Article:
Family Blogger Staci’s review of Tomás


Shaped greatly by the likes of Dr. Seuss and Shel Silverstein, I believe I continued to be a writer into my adult life because I was fortunate to have some amazing influences that guided me to become the best I could be. I can’t imagine adding a language and cultural barrier to the odds of achieving greatness, so I related to Tomás and the Library Lady, however I also reveled in his tenacity and ability to overcome obstacles.

Tomás brought to life, a character that children could easily relate to, as a role model. He was a determined dreamer, and while he had fears of failure, he used his vivid imagination to grow in so many ways throughout the story.

Even though his family was poor, they were loving, supportive and hard-working—coupled with the friendship he honed with a librarian in his small Iowa town, he learned not only how to be a good person, but how to have a breakthrough with language and learn to read in English. That new ability allowed him to be swept away from the chicken coop his family resided in, to magical places through the words in his books. The Librarian often let him borrow books and even gifted him a journal to write his own adventures in.

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The life of Tomás is a true and amazing tale of an unlikely hero who changed the world through strength and a love of learning—he never forgot his roots and remained humble, crediting that Librarian for her devotion to making learning fun.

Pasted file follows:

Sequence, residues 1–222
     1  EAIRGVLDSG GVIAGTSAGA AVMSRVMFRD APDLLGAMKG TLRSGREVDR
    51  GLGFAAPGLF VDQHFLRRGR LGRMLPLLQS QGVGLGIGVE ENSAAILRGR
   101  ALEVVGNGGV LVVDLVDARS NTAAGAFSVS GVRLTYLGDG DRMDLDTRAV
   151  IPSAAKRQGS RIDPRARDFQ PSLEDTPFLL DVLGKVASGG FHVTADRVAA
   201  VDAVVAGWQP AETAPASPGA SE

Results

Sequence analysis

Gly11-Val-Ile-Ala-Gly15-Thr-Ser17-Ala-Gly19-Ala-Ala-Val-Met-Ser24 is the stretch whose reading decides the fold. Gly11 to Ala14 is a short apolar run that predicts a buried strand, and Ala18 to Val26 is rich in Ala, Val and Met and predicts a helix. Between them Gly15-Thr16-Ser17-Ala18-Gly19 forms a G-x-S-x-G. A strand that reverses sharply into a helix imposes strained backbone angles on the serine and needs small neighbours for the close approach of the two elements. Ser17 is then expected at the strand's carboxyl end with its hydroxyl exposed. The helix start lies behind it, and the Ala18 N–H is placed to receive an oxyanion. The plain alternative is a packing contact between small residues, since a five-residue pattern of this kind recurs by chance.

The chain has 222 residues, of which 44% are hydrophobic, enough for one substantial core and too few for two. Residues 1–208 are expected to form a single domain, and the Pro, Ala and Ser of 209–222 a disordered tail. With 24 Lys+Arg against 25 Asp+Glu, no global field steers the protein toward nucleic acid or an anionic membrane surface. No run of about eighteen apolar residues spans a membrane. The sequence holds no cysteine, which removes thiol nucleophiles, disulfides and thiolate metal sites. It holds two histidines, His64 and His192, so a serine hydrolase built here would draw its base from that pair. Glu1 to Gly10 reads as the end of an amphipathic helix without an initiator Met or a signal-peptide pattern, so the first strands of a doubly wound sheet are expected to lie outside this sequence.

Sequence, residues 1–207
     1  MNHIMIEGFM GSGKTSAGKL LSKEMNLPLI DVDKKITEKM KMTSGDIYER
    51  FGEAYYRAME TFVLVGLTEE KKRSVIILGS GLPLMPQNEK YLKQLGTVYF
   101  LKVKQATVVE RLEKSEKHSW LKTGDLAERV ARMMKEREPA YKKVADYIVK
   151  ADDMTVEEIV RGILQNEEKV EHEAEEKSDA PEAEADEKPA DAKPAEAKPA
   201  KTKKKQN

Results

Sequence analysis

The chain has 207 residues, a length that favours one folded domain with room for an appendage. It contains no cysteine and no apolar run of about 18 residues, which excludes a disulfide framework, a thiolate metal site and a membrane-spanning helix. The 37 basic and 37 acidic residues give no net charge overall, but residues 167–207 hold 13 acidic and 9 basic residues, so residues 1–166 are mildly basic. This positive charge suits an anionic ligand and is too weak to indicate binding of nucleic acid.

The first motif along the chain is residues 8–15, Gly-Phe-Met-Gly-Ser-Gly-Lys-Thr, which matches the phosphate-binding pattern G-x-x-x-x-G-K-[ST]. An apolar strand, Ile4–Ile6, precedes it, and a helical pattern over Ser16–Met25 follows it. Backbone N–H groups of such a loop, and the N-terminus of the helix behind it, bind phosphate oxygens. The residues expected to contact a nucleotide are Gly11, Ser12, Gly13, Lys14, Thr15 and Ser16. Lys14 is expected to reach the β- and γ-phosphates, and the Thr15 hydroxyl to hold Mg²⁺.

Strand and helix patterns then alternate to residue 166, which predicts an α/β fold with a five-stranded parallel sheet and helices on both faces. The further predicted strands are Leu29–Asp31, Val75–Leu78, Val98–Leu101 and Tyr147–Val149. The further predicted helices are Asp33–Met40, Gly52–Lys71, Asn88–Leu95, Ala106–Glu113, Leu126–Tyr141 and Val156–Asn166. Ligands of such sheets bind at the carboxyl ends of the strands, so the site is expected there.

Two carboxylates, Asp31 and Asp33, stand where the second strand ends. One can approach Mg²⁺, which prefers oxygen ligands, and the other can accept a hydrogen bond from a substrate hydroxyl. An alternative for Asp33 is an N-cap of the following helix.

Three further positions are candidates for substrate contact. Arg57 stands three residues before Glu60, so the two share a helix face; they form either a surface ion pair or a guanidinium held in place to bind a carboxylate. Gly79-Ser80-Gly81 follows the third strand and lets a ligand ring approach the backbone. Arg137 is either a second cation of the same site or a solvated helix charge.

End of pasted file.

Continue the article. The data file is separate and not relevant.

I was impressed with the depth of characters in this show, my daughter and her friend accompanied me, and their reaction was insightful. Both commented on how motivated Tomás was to learn, but teachers had been cruel and impatient with his language fluency. They remarked that finding the Library Lady meant he had someone who was teaching him on “his terms” and showed him ways to make learning not only bearable but amazing!

Library Lady Actress Liz Polen said, “My mom has always inspired me through her patience and understanding. She has always been endlessly patient with me throughout all my different struggles as a kid to now as an adult. And she has always displayed deep understanding of all people that she comes into contact with, always trying to learn about who they are and what is important to them.

Tomás Actor Enrique Guevera added, “My voice teacher at ASU has helped me understand a lot about myself and my craft. She has instilled in me that perfection does not exist, but that we can always strive for it in an effort to better ourselves.”

And that was the moral of this story—to accept others as they are and help them strive to learn new things. The acting in this play highlighted that beautifully. I remember visiting libraries as a child and feeling the excitement of where a book would take me to. With modern technology I often worry my kids won’t experience that same anticipation. But, today, watching this play, I realized there is still so much more about a book, then a tablet or a phone can provide.


As Polen put it, “I don’t think anything can compare with one’s imagination. There is a joy that is particular to reading books that you experience when you are immersed in a story and transported to a different world. I also think the benefit to interacting with an actual librarian is that they can respond to you as a human and guide you based on your interactions.”

Guevera mirrored her sentiment, “It’s healthy to have face to face interactions, especially as children. While the internet is an excellent source of information, there is so much a child can gain from developing creative and social skills.”

Oh, and…library books smell so good! 😉 – Tomás.

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